The Knells, headed by guitarist/composer/visionary Andrew McKenna Lee are back with a second album this past November with the insightfully titled Knells II. From Brooklyn, NY these guys pursue a prog track that veers in a direction I've never really heard before. Now I'm familiar with prog rock from all eras and a little less familiar with centuries of choral music. I like both genres but never really expected to hear them together in the same setting. The setting being brilliantly arranged prog rock topped with renaissance style choral arrangements. If you're not familiar with The Knells, their first long player was reviewed in 2013 (see review).
This album is, I believe it to be a little more organic and natural sounding with respect to the music itself and production.
I really enjoyed this record. I've played it multiple times and it will maintain a spot on the living room shelf. I love clean sounding guitars and this is full of clean counding guitars, not relying on the'heavy metal' sound that is almost a constant these days. The music is well written and arranged and the colour palate of guitar sounds range from the 70's style swirly sounds to some gorgeous tremoloed bluesy distortion without overkill. There are NO apparent keyboards which is a change from most prog, as keys are usually a staple. Apart from what I suspect might be a slightly hidden bit of atmospheric orchestral background, there are no sounds on this record aside from drums, bass, and two guitars....
....Except for the voices! Three lovely lasses singing in polyphonic glee over top a totally engaging bed of beautifully played progressive rock. With emphasis on 'rock'. With only guitars in the band they sound like a regular rock band playing music that isn't quite rightfully theirs. But it is so theirs. This is real 'prog' music. For those of you who like to get lost in the intricacies of odd time signatures or polyrhythmically perfomed drums over a regular beat and constantly changing 'scenes' this album will scratch you right where you itch.
My wife, Mrs. A. walked into the room one time I was playing this and she said that it totally sounded like something I would be listening to at any given time. 'Are you listening to YES?' She's very familiar with this sort of thing.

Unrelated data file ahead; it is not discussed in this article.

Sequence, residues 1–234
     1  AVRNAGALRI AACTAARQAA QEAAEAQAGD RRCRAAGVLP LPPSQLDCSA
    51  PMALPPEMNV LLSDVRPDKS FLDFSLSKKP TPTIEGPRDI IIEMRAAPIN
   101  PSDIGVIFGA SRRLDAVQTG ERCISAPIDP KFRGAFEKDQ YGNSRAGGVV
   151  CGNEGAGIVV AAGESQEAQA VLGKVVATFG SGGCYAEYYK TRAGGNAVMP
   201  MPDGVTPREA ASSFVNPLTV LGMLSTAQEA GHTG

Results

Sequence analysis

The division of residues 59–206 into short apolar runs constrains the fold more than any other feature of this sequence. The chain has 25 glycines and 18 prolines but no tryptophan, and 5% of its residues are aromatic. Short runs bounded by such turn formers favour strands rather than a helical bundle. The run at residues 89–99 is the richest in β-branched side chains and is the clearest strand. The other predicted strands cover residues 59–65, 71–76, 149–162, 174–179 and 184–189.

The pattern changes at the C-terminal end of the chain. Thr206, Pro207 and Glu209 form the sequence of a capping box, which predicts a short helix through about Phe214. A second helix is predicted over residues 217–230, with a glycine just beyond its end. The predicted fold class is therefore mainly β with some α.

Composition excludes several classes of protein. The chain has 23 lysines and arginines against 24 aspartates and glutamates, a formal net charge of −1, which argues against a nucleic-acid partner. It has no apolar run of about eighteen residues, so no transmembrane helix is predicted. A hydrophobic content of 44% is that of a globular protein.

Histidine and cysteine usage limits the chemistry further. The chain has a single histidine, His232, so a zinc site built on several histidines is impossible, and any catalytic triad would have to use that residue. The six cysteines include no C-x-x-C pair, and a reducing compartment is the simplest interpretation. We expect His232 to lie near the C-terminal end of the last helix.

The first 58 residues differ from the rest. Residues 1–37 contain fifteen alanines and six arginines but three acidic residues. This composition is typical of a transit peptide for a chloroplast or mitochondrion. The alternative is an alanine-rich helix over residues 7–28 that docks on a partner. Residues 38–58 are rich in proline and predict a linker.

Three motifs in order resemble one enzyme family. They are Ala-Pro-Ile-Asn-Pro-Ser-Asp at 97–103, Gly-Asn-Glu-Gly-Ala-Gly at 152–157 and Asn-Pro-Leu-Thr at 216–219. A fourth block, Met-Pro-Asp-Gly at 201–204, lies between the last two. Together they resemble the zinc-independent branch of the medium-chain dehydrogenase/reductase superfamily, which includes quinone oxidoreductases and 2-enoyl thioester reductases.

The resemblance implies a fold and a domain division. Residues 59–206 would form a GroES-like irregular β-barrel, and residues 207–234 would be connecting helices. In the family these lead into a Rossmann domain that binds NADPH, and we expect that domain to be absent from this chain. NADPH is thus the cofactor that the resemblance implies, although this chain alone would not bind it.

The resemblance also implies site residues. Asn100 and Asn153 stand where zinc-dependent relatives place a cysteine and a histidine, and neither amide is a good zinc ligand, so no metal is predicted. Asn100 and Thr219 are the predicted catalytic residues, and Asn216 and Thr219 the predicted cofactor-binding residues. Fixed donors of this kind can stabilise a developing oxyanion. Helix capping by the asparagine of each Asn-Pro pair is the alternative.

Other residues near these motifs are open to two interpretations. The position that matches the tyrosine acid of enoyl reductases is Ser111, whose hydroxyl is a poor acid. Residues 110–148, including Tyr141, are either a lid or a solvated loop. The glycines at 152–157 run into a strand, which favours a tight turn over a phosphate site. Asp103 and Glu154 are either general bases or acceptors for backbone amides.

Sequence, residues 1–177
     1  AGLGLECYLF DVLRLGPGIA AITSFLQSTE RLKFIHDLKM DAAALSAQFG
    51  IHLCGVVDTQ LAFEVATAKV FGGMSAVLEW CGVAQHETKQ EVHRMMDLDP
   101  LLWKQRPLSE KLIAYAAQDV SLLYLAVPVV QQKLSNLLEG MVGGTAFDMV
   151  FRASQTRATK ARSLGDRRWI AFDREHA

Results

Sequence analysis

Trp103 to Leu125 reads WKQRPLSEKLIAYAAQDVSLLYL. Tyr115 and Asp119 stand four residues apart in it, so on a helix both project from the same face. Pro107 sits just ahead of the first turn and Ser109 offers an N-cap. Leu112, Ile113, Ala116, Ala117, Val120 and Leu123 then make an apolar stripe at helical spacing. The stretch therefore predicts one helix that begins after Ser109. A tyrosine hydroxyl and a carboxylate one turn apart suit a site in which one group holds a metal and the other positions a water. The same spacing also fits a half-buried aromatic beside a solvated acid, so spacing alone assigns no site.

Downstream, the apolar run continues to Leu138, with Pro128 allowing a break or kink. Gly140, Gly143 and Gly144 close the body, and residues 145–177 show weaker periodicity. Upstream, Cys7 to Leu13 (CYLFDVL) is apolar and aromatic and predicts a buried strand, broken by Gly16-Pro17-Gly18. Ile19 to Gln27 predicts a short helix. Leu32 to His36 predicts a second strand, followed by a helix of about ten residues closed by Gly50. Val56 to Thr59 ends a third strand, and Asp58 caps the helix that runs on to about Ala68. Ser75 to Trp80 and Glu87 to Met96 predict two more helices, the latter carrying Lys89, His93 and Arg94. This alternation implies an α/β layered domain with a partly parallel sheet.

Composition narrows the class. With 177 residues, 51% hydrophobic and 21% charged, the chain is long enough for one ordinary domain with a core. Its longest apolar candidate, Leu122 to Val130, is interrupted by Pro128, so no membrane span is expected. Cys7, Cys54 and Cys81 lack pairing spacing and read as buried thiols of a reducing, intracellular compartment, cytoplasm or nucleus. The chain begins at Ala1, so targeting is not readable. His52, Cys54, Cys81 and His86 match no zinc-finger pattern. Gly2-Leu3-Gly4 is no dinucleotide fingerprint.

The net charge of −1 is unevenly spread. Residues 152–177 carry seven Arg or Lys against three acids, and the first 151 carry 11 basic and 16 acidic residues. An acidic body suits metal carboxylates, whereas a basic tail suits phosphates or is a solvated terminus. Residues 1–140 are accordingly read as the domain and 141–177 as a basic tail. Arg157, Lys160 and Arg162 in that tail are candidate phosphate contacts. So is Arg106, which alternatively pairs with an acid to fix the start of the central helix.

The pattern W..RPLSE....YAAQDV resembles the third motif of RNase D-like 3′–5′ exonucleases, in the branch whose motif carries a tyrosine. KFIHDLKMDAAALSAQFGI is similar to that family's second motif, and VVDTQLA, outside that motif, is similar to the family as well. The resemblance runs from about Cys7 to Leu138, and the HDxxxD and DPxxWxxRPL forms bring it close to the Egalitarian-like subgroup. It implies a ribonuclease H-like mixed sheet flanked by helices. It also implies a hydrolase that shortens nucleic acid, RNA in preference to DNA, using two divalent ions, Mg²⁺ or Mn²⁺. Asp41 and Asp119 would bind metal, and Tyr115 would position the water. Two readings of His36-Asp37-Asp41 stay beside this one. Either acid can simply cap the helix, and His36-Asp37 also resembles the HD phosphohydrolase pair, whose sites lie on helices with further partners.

However she stopped too, at the first sound of the voices. 'Oh, that's different'. Neither one of us could recall hearing that style of singing on any rock record. These are well arranged harmonies that follow the music faultlessly and I'm sure that a lot of people will enjoy this aspect of the album and band.
The tunes never get boring or samey. It's always interesting, always engaging and there's even a psuedo-fist pumping arena rock tune (prog style) with that renaissance choral narrative floating over the top of the proceedings.
I only have one complaint, and it's just my opinion; I could do with just a little less polyphony and a tiny bit more monophony unison in the singing. More of the single singer or all three singing in unison to make the big moments when all three of them go into the harmonies more special or impactful. The point of the band is that poly style of singing though so many folks will probably like this and many folks already do.
It is a great album. An orginal hybrid of prog and choral work that I don't think you'll hear anywhere else. The music is brilliant. Loads of peaks. Lots of light and shade. A real journey. It is wonderful in headphones too.
If this piques your interest, you must go over to their website and check them out. There are some live performances and a marvy lego video for the arena rock song.
Get this album! In fact, if you are one who likes the physical artifact, go to the website and get it on fabulous red vinyl before it's too late. Now!
Where to buy?
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